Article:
By aliens he meant "guys that you can't cover in man-to-man coverage." He noted that in 2011 Baylor had four such players with Kendall Wright, Terrence Williams, Tevin Reese, and Lanear Sampson. Every year after that they had fewer and fewer, until now when they have two (in my estimation) in Corey Coleman and K.D. Cannon.
The most important key to stopping Baylor's offense is to stop their vertical passing game, or else you'll be buried in an avalanche of points. But of course, their offense is engineered around forcing you to make impossible choices, like how do you stop a vertical passing game that is tied to the run game with play-action and RPOs (run/pass option plays)?
The Baylor RBs are good but not terrifying, but it's hard to keep a lid on both Cannon and Coleman and still have enough numbers in the box to stop the Bears' veteran OL from blasting open giant holes for said RBs.
If I were in charge of game-planning this Bear team I'd try and do the following:
-Press Coleman at the line of scrimmage and play a safety over the top of him.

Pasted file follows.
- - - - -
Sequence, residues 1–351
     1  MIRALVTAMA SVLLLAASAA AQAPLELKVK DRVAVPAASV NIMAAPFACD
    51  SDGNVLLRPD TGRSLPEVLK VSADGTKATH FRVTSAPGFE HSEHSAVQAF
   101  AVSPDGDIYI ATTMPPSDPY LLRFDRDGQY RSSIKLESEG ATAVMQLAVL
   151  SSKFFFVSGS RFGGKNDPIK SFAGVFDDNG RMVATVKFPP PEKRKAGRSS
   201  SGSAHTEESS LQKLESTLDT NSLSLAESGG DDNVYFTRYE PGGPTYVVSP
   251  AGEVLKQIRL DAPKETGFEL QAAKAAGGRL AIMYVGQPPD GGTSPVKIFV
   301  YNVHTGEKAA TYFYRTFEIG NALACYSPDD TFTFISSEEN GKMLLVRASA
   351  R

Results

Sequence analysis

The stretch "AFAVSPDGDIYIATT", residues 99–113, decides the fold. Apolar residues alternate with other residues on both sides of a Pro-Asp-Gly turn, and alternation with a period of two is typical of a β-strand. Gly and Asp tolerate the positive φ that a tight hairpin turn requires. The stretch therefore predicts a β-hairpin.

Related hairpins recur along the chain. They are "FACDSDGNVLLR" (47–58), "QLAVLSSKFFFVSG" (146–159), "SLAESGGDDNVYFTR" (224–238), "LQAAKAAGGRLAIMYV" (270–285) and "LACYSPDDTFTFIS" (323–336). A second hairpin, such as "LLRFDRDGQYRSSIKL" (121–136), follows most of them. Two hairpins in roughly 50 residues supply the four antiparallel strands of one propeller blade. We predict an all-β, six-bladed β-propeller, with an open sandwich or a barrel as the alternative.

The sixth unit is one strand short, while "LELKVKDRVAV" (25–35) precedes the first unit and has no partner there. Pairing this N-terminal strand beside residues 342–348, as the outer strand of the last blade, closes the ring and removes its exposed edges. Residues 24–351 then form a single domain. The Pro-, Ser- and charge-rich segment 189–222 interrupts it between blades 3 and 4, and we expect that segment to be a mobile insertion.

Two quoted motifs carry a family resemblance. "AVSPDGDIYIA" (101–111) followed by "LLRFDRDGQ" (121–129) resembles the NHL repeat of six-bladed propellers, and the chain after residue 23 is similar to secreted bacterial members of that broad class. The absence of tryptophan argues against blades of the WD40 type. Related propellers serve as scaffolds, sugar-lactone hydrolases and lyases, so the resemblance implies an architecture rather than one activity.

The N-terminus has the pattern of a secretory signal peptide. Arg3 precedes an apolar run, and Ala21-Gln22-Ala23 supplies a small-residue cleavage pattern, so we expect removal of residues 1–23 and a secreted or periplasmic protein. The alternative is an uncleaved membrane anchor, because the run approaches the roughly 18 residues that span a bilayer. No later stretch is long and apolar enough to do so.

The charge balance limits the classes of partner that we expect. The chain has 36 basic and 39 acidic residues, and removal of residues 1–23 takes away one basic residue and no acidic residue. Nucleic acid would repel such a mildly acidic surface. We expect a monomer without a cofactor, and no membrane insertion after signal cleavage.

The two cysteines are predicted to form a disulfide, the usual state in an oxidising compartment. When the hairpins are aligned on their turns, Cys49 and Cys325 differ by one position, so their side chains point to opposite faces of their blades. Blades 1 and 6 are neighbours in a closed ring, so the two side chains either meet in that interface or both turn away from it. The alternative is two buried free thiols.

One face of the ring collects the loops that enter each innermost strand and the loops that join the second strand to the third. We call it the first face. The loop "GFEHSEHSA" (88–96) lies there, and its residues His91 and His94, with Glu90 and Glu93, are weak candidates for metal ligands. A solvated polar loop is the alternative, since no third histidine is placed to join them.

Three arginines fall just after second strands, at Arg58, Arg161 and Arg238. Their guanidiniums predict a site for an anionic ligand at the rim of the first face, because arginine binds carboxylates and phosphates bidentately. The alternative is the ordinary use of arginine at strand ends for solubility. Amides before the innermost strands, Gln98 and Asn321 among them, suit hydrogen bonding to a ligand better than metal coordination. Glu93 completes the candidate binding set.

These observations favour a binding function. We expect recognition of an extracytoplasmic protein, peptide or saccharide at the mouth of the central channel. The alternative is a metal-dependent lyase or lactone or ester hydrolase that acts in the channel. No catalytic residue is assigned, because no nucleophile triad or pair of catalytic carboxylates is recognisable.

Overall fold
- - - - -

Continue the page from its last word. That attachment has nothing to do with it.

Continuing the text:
-Put my best coverage player on Cannon with strict "just don't get beat deep!" instructions and no safety help.
-Devote as many remaining players as possible to stopping the run.
-Regularly bring disguised pressure, and when doing so, bring a LOT of pressure and play press coverage against both Coleman and Cannon. Your goal here is to rattle Russell, create negative plays against the run game, and force Baylor to beat you with precision under pressure.
I have a few ideas of how this could work...but scheming the Baylor offense is just about the most challenging problem the modern game has to offer. It's just simple geometry, their spacing and competencies all play off each other. It's hard to do without either having NFL players on your defense or Baylor having a dearth of "aliens."